_finish();
        }
    };
})(node);

var _finish=function() {

        if (node.readyState == 'complete') {
            // insert node only after completing the request, though this is not necessary
            var head = document.head;
            head || (head = document.getElementsByTagName('head')[0]);
            head.appendChild(node);
            // call success function
            _success();
            return;
        }

        var firstState = node.readyState;

        // hack: calling 'children' property changes node's readyState from 'loaded' to complete
        // (if script was loaded normally) or to 'loading' - if error detected
        node.children;

        // error detected
        if (firstState == 'loaded' && node.readyState == 'loading') {
            // custom error code
            _error();
        }
}
  • This is by far the best solution for script injection in IE8 with success and error handlers. It is far better then loading the script via AJAX because by script injection the AJAX CORS limits do not apply. Great find with the node.children trick! Btw. var node = createNode( 'script', ... is of course in plain vanilla JavaScript var node = document.createElement('script'); ... – Semmel Jun 5 '14 at 22:29
  • I'm not sure that the node.onerror is working in IE9. – f1lt3r Apr 14 '16 at 21:32
  • very nice, thanks ! – Franck Freiburger Dec 1 '16 at 20:08
  • @Semmel, thank you for your reply and notes - I've updated my answer with pure JS. – Yuri Izgarshev Aug 8 '17 at 18:47

Detecting Load Completion

[..] One web page suggested setting up some event handlers that will be called when the load is complete. We do that by adding the following lines to the previous code:

var head= document.getElementsByTagName('head')[0];
var script= document.createElement('script');
script.type= 'text/javascript';
script.onreadystatechange= function () {
  if (this.readyState == 'complete') helper();
}
script.onload= helper;
script.src= 'helper.js';
head.appendChild(script);

Here we set up two different event handlers on the newly created script tag. Depending on the browser, one or the other of these two handlers is supposed to be called when the script has finished loading. The onreadystatechange handler works on IE only. The onload handler works on Gecko browsers and Opera.

The "this.readyState == 'complete'" test doesn't actually entirely work. The readyState theoretically goes through a series of states:

  • 0 uninitialized
  • 1 loading
  • 2 loaded
  • 3 interactive
  • 4 complete

But in fact, states may be skipped. In my experience with IE 7, you get either a loaded event or a completed event, but not both.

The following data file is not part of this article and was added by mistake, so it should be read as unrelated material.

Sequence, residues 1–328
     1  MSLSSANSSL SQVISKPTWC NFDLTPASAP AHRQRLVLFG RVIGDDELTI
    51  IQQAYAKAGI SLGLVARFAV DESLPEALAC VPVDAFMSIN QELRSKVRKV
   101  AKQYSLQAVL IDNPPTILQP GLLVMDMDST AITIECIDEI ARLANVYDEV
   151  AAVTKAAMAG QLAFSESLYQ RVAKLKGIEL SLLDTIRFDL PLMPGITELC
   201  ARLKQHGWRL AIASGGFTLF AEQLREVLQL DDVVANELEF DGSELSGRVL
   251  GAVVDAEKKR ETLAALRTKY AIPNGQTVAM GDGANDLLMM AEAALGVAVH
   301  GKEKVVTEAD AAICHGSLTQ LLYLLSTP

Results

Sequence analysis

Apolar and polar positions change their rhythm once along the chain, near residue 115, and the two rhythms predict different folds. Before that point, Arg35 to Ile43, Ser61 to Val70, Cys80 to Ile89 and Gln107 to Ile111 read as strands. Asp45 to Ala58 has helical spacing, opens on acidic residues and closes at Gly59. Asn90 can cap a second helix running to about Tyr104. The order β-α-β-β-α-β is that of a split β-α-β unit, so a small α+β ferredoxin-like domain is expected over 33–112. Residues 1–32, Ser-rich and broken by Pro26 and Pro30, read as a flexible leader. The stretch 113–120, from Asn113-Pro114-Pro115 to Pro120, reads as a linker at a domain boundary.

It may have something to do with whether you are loading from cache or not but there seem to be other factors that influence which events you get. Sometimes I get loading or interactive events too, and sometimes I don't. It's possible the test should be "this.readyState == 'loaded' || this.readyState == 'complete'", but that risks triggering twice.

http://unixpapa.com/js/dyna.html

UPDATE

Please, can you sobstitute your script.onreadystatechange callback with this:

newjs.onreadystatechange = function () {
   if (newjs.readyState === 'loaded' || newjs.readyState === 'complete') {
      newjs.onreadystatechange = null;
      alert('script is complete or loaded.");
   }

};

An other thing i've noticed is that you're doing string comparison with == operator. This can be misleading. Use === instead.

  • Come on........did you just copy and paste? You got exactly the same code as mine (I mean the structure), and this is what I'm talking about...the "readyState" is never "complete"!!! And I'm trying to figure it out. – pepsi600 Aug 4 '11 at 18:40
  • It seems that there is no way to know if loaded or complete will be fired. Look javascript pattern "Loading on Demand". The author wrote this: • In IE you subscribe to the readystatechange event and look for a readyState “loaded” or “complete.” All other browsers will ignore this. – user278064 Aug 4 '11 at 18:54
  • 1
    He's saying that load IS fired, but it fires even when the script is invalid and fails (404, etc.). He wants to know how to detect that. – James Montagne Aug 4 '11 at 19:59
  • @your update: well, that's not the point. == and === in this case are the same. readyState returns a string, and loaded/complete are surrounded with quotes, so, we're not comparing types. The problem is that IE just can't do the work with DOM event. I'm switching to AJAX... Thanks anyway. – pepsi600 Aug 4 '11 at 23:15